, Volume 827, Issue 1, pp 391–404 | Cite as

Biomass across space and tide: architecture of a kelp bed with implications for the abiotic environment

  • Tiffany A. Stephens
  • Matthew J. Desmond
  • Christopher D. Hepburn
Primary Research Paper


The complex, stratified seaweeds within kelp forests provide habitat to a multitude of organisms and can alter the physical and chemical parameters of their surrounding environment. It is unclear, however, how patterns in the architecture of these beds change as the tide ebbs and floods. We investigate biomass distribution of floating and stipitate canopies within a kelp bed during low and high slack tides to determine how biomass interacts with common environmental parameters (nutrients, light, and mass-transfer). Floating canopy biomass remained consistent despite differences in depth, likely driven by an interaction between stipe density and individual biomass. Biomass was distributed inconsistently throughout the water column, in which biomass at the surface roughly doubled at low tide relative to high. Despite an increase in kelp biomass at the surface of the water column during low tide, more light reached the benthos than at high tide, suggesting that seawater optical properties independent of algal canopy better explain light attenuation. Seawater nutrients were consistent throughout the bed. Rates of mass-transfer decreased from the exterior to the interior of the bed and also attenuated with depth. This study highlights the structural complexity of kelp beds and the localized effects on important environmental variables.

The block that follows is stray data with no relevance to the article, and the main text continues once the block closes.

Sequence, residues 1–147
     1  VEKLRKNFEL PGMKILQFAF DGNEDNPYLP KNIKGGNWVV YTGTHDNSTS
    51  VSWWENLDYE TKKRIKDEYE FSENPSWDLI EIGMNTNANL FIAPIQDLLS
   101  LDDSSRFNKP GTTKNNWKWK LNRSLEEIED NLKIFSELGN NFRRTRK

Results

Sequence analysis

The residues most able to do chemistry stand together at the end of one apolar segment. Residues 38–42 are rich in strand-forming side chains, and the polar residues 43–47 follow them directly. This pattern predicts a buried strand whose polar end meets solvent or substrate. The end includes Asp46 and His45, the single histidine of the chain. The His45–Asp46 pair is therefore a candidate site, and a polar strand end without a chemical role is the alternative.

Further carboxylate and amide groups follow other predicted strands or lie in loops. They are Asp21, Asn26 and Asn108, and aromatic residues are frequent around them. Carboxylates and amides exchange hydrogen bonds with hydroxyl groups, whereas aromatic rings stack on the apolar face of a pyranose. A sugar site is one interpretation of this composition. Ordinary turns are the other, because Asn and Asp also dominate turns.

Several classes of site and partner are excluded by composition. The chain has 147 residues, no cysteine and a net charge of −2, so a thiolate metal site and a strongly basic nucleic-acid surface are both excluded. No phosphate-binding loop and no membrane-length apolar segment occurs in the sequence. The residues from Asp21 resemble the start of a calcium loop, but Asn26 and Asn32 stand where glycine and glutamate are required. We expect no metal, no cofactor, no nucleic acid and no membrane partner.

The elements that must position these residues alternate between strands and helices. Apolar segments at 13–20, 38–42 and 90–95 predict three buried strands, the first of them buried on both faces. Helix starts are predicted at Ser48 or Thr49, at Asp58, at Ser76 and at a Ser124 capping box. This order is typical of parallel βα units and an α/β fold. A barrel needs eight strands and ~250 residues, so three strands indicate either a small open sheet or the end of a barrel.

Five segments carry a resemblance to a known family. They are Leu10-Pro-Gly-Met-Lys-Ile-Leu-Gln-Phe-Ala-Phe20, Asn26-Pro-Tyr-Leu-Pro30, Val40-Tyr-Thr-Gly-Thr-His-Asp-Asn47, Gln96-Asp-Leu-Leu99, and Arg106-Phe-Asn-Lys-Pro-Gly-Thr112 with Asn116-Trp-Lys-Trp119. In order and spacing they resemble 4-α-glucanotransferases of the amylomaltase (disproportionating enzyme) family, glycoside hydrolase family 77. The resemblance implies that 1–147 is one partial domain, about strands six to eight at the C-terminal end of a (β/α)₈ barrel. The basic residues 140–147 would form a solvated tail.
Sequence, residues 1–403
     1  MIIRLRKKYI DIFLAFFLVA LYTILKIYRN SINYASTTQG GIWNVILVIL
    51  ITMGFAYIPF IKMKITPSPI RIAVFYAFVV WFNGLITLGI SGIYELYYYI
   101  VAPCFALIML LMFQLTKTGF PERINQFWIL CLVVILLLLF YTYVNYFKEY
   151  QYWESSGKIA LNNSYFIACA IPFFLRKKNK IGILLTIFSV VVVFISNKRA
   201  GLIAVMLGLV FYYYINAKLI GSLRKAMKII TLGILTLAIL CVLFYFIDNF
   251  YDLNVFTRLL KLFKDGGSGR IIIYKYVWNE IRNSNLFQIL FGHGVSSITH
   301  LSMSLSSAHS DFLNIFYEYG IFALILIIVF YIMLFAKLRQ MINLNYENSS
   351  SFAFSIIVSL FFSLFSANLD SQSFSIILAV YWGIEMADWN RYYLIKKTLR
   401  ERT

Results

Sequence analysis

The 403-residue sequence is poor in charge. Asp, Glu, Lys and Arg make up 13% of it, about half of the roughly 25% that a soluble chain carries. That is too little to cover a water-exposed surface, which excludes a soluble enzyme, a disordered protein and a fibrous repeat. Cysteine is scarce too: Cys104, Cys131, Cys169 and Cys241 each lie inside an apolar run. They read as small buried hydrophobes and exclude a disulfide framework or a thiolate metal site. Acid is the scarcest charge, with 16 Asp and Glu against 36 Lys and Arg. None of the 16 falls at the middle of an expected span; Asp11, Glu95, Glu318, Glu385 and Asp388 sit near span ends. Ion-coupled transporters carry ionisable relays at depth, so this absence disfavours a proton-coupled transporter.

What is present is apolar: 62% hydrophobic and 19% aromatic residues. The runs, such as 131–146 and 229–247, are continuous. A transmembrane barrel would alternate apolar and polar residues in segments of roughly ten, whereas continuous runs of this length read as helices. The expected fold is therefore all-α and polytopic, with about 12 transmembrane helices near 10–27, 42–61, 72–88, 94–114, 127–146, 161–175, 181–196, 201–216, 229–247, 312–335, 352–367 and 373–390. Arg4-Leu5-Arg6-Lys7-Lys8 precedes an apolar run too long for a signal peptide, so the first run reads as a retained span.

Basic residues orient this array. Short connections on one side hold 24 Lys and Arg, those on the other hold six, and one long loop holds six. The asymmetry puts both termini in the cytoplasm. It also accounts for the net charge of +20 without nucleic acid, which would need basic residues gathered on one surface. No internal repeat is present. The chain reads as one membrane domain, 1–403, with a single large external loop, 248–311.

Macrocystis Temperate reef Canopy Sub-canopy Light Nutrients Mass-transfer Water motion Tidal cycle Tidal height